Breaking the Wall

April 10, 2020

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Orem,UT,United States

Member Since:

Jan 27, 1986



Goal Type:

Olympic Trials Qualifier

Running Accomplishments:

Best marathon: 2:23:57 (2007, St. George). Won the Top of Utah Marathon twice (2003,2004). Won the USATF LDR circuit in Utah in 2006.

Draper Days 5 K 15:37 (2004)

Did not know this until June 2012, but it turned out that I've been running with spina bifida occulta in L-4 vertebra my entire life, which explains the odd looking form, struggles with the top end speed, and the poor running economy (cannot break 16:00 in 5 K without pushing the VO2 max past 75).  


Short-Term Running Goals:

Qualify for the US Olympic Trials. With the standard of 2:19 on courses with the elevation drop not exceeding 450 feet this is impossible unless I find an uncanny way to compensate for the L-4 defect with my muscles. But I believe in miracles.

Long-Term Running Goals:

2:08 in the marathon. Become a world-class marathoner. This is impossible unless I find a way to fill the hole in L-4 and make it act healthy either by growing the bone or by inserting something artificial that is as good as the bone without breaking anything important around it. Science does not know how to do that yet, so it will take a miracle. But I believe in miracles.


I was born in 1973. Grew up in Moscow, Russia. Started running in 1984 and so far have never missed more than 3 consecutive days. Joined the LDS Church in 1992, and came to Provo, Utah in 1993 to attend BYU. Served an LDS mission from 1994-96 in Salt Lake City, Utah. Got married soon after I got back. My wife Sarah and I are parents of eleven children: Benjamin, Jenny, Julia, Joseph, Jacob, William, Stephen, Matthew,  Mary,  Bella.  and Leigha. We home school our children.

I am a software engineer/computer programmer/hacker whatever you want to call it, and I am currently working for RedX. Aside from the Fast Running Blog, I have another project to create a device that is a good friend for a fast runner. I called it Fast Running Friend.

Favorite Quote:

...if we are to have faith like Enoch and Elijah we must believe what they believed, know what they knew, and live as they lived.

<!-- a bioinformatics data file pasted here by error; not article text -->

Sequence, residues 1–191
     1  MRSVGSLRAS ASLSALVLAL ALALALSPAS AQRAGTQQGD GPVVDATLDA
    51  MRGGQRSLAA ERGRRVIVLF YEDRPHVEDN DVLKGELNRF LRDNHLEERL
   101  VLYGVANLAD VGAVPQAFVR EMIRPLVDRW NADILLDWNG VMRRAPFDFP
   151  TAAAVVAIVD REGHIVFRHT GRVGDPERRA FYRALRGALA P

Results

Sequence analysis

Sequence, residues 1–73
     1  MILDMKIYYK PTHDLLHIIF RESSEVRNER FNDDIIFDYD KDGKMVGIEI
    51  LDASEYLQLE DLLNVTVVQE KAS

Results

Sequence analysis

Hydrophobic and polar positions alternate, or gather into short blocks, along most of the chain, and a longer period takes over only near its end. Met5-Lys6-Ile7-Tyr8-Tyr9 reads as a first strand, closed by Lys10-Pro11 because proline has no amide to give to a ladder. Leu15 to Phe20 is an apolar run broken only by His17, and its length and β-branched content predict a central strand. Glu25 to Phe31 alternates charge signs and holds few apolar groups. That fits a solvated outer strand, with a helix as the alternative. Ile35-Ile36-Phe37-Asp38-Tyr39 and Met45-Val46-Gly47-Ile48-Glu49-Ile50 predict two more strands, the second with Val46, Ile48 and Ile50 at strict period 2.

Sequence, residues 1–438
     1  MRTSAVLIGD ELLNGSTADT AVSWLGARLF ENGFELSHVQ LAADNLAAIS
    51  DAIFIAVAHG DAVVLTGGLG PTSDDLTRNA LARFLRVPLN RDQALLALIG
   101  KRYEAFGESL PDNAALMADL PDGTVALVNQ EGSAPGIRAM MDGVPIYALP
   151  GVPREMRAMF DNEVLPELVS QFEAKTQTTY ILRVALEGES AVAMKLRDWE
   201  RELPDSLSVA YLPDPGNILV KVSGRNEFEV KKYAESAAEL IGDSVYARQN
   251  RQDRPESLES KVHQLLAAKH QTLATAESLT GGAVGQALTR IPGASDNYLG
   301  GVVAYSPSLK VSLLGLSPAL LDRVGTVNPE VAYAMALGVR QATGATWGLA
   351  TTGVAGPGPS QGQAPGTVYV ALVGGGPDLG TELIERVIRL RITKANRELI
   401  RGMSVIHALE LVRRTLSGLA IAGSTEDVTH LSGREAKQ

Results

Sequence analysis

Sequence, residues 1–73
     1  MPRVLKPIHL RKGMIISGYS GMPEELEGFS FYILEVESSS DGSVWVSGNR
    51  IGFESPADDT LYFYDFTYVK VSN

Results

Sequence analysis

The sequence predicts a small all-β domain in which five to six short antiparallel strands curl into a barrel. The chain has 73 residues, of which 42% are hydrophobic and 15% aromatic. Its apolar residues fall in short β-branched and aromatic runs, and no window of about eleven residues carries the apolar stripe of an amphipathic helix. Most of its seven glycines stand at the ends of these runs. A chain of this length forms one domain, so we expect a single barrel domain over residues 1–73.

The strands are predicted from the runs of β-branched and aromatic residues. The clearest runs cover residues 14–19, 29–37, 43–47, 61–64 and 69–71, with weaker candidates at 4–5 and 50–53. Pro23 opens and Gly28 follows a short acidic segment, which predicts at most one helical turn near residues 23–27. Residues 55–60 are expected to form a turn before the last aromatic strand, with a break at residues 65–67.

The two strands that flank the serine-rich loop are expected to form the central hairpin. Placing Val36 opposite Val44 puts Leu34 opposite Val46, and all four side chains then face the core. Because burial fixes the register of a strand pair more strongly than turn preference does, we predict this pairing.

Elder Bruce R. McConkie


Favorite Blogs:

Miles:This week: 0.00 Month: 0.00 Year: 916.90
Saucony Type A Lifetime Miles: 627.15
Bare Feet Lifetime Miles: 446.12
Nike Double Stroller Lifetime Miles: 124.59
Navy Crocs 2 Lifetime Miles: 1576.28
Neon Crocs 1 Lifetime Miles: 1679.47
Easy MilesMarathon Pace MilesThreshold MilesVO2 Max MilesTotal Distance

Deseret News Marathon. 2:31:47, third overall, first Utahn.

My goal was to make top three, and to win the first Utahn prize. At the start, we had Simon Sawe, John Ndambuki, and Jared Nyambuki of the Kenyans, and Steve Ashbaker and Corbin Tally of the locals. So I had to find a way to get rid of one Kenyan, and not get punished by a local for it. A challenging task.

I noticed the Kenyans were a little slow at the start, and decided to take advantage of it. I signaled to Steve, and we went off trading leads. 5:04 for the first mile. At about 1.5 Steve had to stop to fix the rock in the shoe problem. So now I was on my own. However, Jared Nyambuki took the bate and followed us. 9:47 at two miles (4:47), then 14:28 (4:41) at three, and 19:27 at 4 (4:59). The pace is actually not as fast as it sounds - this is a 7% grade.

Then it flattened out. 24:57 at 5 (5:30), next mile uphill 30:43 (5:46). Nyambuki started pulling away, which was just fine with me. Now we are climbing the Little Mountain. Next mile in 6:29. Sawe and Ndambuki passed me, and they looked like they were racing already.

Next mile was half up and half down - 5:59, then down in 5:19. Felt so good I thought it was only 5:30. So far so good. Now a little loop to Pinecrest. This gives me a chance to check what is going on. Nyambuki about 1:20 ahead, Sawe and Ndambuki about 45 seconds ahead, Steve about 2 minutes behind, Corbin about 3 minutes behind.